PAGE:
Absentia explores what it is like to be haunted by grief and unanswered questions. It is a slow, quiet horror without big-bang jump scares and over-the-top set pieces. Flanagan used his small budget and single location setting to make you feel for what Tricia is going through – the mysterious loss of her husband and the guilt of possibly moving on.
The themes of grief, guilt, and addiction would go on to be a staple in Flanagan’s work. His understanding of the complexities surrounding addiction, including the pain it can cause to those around you, is never clearer than in the show that catapulted him into the spotlight and proved he was a Director to watch out for – The Haunting of Hill House.
Based on the 1959 novel of the same name, The Haunting of Hill House follows the lives of Olivia and Hugh Crain (Carla Gugino and Henry Thomas) and their five children across two timelines. In their childhood, the Crain siblings are moved into their new home – Hill House – where they must navigate the long winding corridors, secret rooms, and ghostly specters that enter their rooms at night. In adulthood, they are trying to navigate through the trauma caused by the unanswered questions surrounding what happened in that same house to cause the sudden death of their mother.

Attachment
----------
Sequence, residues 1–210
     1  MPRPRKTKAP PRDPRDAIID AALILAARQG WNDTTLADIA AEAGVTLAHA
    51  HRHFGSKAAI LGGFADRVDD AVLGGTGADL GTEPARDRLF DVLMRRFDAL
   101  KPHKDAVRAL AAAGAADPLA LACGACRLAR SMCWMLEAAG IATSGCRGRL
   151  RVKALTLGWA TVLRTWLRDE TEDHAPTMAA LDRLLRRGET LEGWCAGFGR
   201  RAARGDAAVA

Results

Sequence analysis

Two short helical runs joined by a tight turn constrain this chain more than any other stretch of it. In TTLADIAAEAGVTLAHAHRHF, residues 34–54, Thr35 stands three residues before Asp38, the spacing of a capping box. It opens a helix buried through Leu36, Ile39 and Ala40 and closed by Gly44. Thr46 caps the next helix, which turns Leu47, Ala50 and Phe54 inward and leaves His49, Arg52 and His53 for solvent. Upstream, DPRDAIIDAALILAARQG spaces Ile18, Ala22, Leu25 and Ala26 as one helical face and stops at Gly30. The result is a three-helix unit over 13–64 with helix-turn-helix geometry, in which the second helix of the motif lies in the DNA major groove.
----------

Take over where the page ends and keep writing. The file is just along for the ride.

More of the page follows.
Throughout Absentia, the only space we see outside of Tricia’s home is the tunnel across the street. The deep dark void of that empty tunnel is an urban space that mirrors how grief can overwhelm and leave us with no hope. In Hill House, although we do see other locations, the house is its own entity and character within the story. Olivia Crain describes it to her children as like a person’s body: “The walls are like bones, the pipes are veins, it needs to breathe, it needs light and flow, and it all works together to keep us safe and healthy inside.”